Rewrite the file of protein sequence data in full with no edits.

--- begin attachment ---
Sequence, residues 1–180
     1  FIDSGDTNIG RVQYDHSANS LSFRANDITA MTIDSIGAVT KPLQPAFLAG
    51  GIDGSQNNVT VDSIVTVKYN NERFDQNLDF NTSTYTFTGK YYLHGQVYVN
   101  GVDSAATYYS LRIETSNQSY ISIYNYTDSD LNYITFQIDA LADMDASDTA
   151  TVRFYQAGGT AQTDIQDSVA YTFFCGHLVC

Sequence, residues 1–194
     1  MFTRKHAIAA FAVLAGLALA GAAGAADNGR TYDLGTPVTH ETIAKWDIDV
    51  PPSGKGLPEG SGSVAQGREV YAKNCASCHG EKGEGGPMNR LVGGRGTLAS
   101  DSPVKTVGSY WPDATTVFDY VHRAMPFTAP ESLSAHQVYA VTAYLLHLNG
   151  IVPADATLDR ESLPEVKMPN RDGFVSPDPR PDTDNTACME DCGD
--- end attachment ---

Sequence, residues 1–180
     1  FIDSGDTNIG RVQYDHSANS LSFRANDITA MTIDSIGAVT KPLQPAFLAG
    51  GIDGSQNNVT VDSIVTVKYN NERFDQNLDF NTSTYTFTGK YYLHGQVYVN
   101  GVDSAATYYS LRIETSNQSY ISIYNYTDSD LNYITFQIDA LADMDASDTA
   151  TVRFYQAGGT AQTDIQDSVA YTFFCGHLVC

Sequence, residues 1–194
     1  MFTRKHAIAA FAVLAGLALA GAAGAADNGR TYDLGTPVTH ETIAKWDIDV
    51  PPSGKGLPEG SGSVAQGREV YAKNCASCHG EKGEGGPMNR LVGGRGTLAS
   101  DSPVKTVGSY WPDATTVFDY VHRAMPFTAP ESLSAHQVYA VTAYLLHLNG
   151  IVPADATLDR ESLPEVKMPN RDGFVSPDPR PDTDNTACME DCGD